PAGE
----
iOS multiplayer development

Discussion in 'iOS Programming' started by doadam, Jun 17, 2013.

  1. doadam, Jun 17, 2013
    Last edited: Jun 17, 2013

    doadam macrumors newbie

    Joined:
    May 6, 2013
    #1
    Hey,

    I just bought a Mac Mini and I want to develop a multiplayer game, and I would like to ask a few questions.



    1) Game Center or a standalone server? currently when playing a "PvP" game with game center I experience high amount of lags and the game is almost unplayable (unless it is not real-time) but my game is going to be real-time.

    Also, what about p2p? I'm a little afraid this is an issue over 3G as mobile companies don't really allow port-forwarding, is there any other way it would be possible?

    2) Should I wait till sprite-kit gets public? or start developing the game with cocos2d and Box2D? the game itself isn't so complicated and will probably be 2D.


    Sincerely,
    Adam.
     
  2. dantastic macrumors 6502a

    dantastic

    Joined:
    Jan 21, 2011
    #2
    1) Write your code in such a way it will be easy to switch between. Start by implementing game center, it's simple enough, and should it be too laggy you can then work on your own service.

    2) I've had a bit of a play around with sprite kit and I must say me likey. It really ticks all the boxes. There is nothing stopping you starting with sprite kit already now. I'm guessing from what you've said you are pretty new to obj c anyway.
     
  3. doadam thread starter macrumors newbie

    Joined:
    May 6, 2013
    #3
    Yes indeed, I've been learning objective-c for last than 1 week, but I have past experience with lots of other programming languages which seem to be more and more similar to Objective-C...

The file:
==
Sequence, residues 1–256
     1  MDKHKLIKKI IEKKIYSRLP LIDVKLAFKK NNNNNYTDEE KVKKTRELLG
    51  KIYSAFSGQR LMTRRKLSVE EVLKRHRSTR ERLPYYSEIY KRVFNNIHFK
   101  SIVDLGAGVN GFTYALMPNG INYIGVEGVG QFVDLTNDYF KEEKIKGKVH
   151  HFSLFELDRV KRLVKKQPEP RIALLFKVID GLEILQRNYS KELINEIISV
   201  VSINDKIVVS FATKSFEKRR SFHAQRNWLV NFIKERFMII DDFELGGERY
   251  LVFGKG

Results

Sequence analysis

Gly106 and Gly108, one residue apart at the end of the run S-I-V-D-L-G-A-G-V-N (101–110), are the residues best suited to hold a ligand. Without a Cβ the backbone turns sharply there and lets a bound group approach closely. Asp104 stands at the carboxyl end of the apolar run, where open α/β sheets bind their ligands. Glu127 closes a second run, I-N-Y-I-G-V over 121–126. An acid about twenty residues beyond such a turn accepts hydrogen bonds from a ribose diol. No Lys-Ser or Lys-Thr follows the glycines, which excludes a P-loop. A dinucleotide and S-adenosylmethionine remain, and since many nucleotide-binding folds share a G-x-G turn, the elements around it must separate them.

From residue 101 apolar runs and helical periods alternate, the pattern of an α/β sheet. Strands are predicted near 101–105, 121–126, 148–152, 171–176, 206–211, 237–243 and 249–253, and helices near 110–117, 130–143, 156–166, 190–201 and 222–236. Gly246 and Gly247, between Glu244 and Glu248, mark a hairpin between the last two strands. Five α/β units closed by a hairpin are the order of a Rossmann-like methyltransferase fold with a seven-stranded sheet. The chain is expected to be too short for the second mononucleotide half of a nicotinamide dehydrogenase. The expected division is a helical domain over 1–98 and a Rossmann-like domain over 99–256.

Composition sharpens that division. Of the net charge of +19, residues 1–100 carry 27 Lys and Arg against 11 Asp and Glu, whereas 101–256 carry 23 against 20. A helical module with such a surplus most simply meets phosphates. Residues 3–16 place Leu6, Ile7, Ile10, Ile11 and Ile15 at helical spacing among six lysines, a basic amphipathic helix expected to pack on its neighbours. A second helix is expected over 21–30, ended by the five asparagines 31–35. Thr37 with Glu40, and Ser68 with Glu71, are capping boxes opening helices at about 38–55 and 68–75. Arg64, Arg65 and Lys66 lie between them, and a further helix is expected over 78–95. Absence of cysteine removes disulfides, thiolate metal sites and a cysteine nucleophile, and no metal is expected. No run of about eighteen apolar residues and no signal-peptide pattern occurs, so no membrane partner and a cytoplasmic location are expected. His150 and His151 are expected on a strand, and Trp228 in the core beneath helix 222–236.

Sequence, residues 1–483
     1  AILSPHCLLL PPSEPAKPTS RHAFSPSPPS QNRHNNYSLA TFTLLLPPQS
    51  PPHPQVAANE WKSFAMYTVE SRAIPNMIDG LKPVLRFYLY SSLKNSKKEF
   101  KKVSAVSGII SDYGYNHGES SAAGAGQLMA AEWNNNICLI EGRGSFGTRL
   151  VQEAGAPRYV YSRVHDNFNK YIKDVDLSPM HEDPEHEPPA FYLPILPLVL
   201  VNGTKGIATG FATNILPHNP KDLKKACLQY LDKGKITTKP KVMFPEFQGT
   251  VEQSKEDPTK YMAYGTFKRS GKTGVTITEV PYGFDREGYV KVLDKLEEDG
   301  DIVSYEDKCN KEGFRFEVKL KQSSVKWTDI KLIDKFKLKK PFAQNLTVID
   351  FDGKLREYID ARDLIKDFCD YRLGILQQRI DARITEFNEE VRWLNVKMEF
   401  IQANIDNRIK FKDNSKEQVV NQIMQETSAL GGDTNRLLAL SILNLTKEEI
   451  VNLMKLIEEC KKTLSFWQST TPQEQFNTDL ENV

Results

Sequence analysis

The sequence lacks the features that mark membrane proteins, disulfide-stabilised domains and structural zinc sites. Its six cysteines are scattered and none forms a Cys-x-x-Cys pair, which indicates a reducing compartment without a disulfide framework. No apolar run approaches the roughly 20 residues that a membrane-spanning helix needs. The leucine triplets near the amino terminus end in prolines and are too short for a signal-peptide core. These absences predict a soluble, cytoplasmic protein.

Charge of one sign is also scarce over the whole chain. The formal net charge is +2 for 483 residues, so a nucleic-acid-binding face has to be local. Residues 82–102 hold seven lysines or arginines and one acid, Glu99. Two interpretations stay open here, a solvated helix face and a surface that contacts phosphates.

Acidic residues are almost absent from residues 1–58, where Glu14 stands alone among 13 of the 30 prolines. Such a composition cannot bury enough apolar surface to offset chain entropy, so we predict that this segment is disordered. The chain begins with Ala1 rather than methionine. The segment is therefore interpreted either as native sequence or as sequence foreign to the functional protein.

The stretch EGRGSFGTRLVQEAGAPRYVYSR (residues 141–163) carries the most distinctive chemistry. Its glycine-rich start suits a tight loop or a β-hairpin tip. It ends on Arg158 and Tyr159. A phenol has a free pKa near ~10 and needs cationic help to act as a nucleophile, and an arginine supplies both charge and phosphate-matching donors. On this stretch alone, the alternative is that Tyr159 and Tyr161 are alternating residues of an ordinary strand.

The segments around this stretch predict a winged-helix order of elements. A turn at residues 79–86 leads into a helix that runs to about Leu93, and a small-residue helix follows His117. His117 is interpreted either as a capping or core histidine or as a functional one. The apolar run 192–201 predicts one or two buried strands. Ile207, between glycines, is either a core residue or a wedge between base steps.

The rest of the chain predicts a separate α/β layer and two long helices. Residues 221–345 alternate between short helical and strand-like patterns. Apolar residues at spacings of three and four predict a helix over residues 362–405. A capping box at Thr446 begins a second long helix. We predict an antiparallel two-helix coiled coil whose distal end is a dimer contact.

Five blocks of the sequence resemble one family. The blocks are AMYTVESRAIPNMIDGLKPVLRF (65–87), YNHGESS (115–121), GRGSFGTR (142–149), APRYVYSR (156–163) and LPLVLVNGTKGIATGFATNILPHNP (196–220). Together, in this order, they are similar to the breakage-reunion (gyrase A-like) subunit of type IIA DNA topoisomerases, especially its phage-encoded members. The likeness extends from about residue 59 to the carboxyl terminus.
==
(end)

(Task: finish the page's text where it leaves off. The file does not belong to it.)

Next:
About game center, wouldn't it be a waste to implement the game to work with game center while I'm sure it won't be good enough?


    And forgot to mention, I didn't (obviously) yet bought the developer account for 100$... Is there any other way I can get Sprite Kit framework without the account?
     
  4. ArtOfWarfare macrumors G3

    ArtOfWarfare

    Joined:
    Nov 26, 2007
    #4
    You can wait until it comes out of beta later this year or you can pony up the $100. I generally advise against paying so early in - I would say that games are generally the most complicated type of thing you can program, so you should probably learn Objective C and the non-beta frameworks for now. That'll probably keep you occupied up until sprite kit is out of beta, then you can develop your game for the simulator for free and save yourself the $99 until its time to test on a real device.
     
  5. dantastic macrumors 6502a

    dantastic

    Joined:
    Jan 21, 2011
    #5
    Game center is so simple to implement that it will quickly get you going. If you are going to create your own services and everything it will probably take a few days but with game center you will be up and running within the hour. Sure you have "wasted" an hour but then you're on to building your game and not trying to figure out the best way of authenticating new players or something like that...

    I've written a few bits of cocos2d and it's great but unless you're proficient in cocos2d already I personally wouldn't feel it would make a whole pile of sense to be trying to learn that now. There are many pain-in-the-you-know-what with cocos2d that spritekit have taken care of for you.

    if the $99 is an issue for now just hold on and learn some objective c for the time being. Figure out how game center works and see if it maybe meets your needs.